Wednesday December 19, 2007 - Vol. VI Issue 8[Download PDF for Printing]
Biotoxins are toxic
chemicals produced in nature by living things.
The living things may be bacteria in the animal gut, certain plants
which produce potent toxins such as ricin, spore-forming bacteria producing anthrax
toxin, red algae producing saxitoxin, certain animals and insects producing
toxic venom, etc.; the list is long. A
terrorist or a nation state can potentially harvest and purify a toxin to be
used against an enemy, perhaps by poisoning a water supply or by releasing a
dust/aerosol in an airplane passenger compartment or inserting a fine powder in
a letter. However, most poisonings
occur accidentally when people eat contaminated food or from contact with
Two of the natural
biotoxins are classified as “Schedule 1 Chemical Warfare Agents” under the
United Nations agreement on biological weapons, e.g. the Chemical Weapons
Convention in 1993 and earlier agreements.
These are saxitoxin and ricin.
These are not the only potent biotoxins. We will look at saxitoxin and ricin in this newsletter.
On June 12, 2002,
President George W. Bush signed into law the Public Health and Safety Act of
2002 (PL 107-188), which requires that the Department of Health and Human
Services maintain a list of biological agents and toxins, which pose a severe
treat to public safety. The list of
biotoxins, as it appears in the August 23, 2002 Federal Resister, (see also 42
CFR Part 72, Appendix A) is as follows:
perfringens epsilon toxin
Saxitoxin is a potent
toxin which if ingested (or injected) works as a selective sodium channel
blocker in the nervous system resulting in rapid, incurable paralysis and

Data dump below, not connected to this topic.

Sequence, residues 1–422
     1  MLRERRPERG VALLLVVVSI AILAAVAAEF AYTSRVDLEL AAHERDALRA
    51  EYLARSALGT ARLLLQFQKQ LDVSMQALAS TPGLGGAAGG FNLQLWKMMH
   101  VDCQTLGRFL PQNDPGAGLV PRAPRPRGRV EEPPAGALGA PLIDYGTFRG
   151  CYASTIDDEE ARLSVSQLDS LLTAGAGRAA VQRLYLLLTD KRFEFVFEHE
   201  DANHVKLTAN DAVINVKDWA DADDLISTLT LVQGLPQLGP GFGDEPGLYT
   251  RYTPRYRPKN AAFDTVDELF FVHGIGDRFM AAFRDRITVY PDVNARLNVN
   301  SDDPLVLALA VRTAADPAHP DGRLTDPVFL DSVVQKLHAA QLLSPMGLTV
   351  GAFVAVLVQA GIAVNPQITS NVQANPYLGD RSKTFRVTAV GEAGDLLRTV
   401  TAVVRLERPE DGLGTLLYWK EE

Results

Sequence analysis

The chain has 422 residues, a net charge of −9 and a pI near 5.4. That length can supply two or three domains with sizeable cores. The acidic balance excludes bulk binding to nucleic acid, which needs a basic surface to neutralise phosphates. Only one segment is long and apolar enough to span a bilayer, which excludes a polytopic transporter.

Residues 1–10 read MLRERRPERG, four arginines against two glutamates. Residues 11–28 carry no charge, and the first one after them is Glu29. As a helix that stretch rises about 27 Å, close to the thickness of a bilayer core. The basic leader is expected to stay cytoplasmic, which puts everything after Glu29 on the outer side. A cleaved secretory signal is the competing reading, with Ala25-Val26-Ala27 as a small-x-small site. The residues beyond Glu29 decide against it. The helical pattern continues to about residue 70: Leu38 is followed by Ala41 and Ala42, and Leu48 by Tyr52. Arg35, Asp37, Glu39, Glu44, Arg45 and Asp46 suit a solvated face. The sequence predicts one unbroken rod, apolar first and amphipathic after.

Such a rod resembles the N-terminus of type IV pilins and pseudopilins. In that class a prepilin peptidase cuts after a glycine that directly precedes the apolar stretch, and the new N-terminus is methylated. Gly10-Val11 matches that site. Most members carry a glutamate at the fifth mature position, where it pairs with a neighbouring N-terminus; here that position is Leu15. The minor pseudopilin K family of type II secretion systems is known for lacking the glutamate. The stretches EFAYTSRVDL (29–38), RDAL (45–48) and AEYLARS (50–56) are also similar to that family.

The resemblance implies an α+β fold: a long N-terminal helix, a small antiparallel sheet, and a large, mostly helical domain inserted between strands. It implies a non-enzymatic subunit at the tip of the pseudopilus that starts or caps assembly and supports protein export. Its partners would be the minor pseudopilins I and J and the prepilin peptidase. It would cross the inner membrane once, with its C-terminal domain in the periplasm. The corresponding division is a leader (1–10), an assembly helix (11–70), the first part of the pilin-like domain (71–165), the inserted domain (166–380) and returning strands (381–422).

death. A dose of 0.2 milligram is fatal
to an average-weight human being.
Saxitoxin is produced by “red-tide” algae, one of the algae species “Alexandrium
This algae species is
found in marine waters throughout the world.
The usual mode in which humans ingest this toxin is from eating
contaminated shellfish (clams, mussels, oysters), which in turn have ingested
(“filtered”) the algae at some previous time in their life, even though the
“red tide” may have past and the waters look clean. Cooking the shellfish does not destroy the toxin.
Red tide off California coast, Noctiluca sp.,
photo by PJS Franks, from Woods Hole Oceanographic Institution photo gallery
Red tide off New Zealand coast, photo by M. Godfrey, from
NIWA Science website
Another photo of “red
tide” is in the May 2008 month of “Toxic by Nature” calendar issued jointly by
Drug Discovery & Development and Gilson Inc. More photos are at http://www.whoi.edu/redtide/rtphotos/rtphotos.html
Alexandrium sp. cyst, from Woods
Hole Oceanographic Institution
Chemist’s representation of Saxitoxin., photo from
University of Sussex at Brighton, UK.
In the 1950’s the CIA
began experimenting with the biotoxin.